A community of audiologists and performers details approaches to music for those with a loss of hearing.
This book offers stories by those who’ve faced the remarkable challenge of playing music while experiencing varying degrees of hearing loss. The first five chapters, written by audiologists, give solid summaries of technical and medical information that will be useful to the hearing-challenged musician. Specifically, they offer a clear overview of the ear’s physiology and function and how current assistive devices work, including specific technical information about cochlear implants. This guidebook also talks about the difficult transition that one faces when losing one’s hearing. “By focusing on how music makes you feel rather than what it sounds like,” writes audiologist Brad Ingrao, “you have the opportunity to build new musical friendships.” But this small volume isn’t just concerned with the affective dimension of music; it also presents real strategies and advice that performers can apply as they follow their own paths to excellence. The 23 personal accounts by musicians with hearing loss, including several by members of the Association of Adult Musicians with Hearing Loss, are the real emotional core of this anthology, effectively relating their bravery and determination. A couple of these essays begin with little jokes that slightly detract from the intensity of the material—and intense it often is. But overall, these accomplished players, singers, and composers can’t help but produce in the reader a sense of admiration and enthusiasm as they tell of overcoming obstacles with technological solutions, amazing determination, and passionate courage.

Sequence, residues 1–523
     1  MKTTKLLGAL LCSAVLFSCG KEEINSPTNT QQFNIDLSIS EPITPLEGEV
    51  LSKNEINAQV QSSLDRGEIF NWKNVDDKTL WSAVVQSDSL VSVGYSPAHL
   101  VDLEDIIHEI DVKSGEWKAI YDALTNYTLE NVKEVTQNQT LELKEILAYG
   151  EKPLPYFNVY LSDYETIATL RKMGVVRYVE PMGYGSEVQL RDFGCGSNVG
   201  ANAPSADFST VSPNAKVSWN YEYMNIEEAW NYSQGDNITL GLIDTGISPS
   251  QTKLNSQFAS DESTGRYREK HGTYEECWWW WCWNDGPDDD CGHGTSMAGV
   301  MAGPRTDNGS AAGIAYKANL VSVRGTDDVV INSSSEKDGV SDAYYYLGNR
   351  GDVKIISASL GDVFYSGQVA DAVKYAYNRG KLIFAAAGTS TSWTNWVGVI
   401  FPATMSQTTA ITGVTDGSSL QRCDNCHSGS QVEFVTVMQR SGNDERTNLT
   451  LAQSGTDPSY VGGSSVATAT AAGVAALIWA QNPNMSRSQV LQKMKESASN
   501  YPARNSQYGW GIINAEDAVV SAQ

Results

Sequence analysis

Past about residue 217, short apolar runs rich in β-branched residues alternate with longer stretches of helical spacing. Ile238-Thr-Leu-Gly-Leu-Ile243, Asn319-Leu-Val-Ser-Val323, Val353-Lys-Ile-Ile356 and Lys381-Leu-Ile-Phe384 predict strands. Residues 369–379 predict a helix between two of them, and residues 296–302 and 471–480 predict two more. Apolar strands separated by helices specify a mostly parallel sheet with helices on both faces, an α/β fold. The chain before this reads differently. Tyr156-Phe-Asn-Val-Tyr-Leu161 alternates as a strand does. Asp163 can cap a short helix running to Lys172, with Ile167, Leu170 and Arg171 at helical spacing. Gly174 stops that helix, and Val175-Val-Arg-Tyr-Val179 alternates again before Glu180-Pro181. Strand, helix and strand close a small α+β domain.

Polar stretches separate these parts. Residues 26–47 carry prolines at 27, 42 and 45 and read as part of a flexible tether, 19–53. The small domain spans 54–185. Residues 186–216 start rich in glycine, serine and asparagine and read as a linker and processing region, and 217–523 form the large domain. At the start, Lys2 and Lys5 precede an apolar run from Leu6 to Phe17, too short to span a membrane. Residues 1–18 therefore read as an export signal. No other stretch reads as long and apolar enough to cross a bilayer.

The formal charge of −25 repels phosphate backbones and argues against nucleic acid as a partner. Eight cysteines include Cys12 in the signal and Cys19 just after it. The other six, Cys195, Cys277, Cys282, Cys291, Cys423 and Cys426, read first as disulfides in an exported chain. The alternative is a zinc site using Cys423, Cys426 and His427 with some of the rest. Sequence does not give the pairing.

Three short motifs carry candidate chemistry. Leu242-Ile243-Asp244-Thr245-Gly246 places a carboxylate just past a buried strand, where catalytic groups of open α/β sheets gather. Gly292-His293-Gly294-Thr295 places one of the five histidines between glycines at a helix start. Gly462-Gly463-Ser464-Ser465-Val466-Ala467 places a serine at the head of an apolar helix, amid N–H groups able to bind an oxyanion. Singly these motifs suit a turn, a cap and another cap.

An exceptionally valuable resource for musicians and other music lovers with hearing challenges.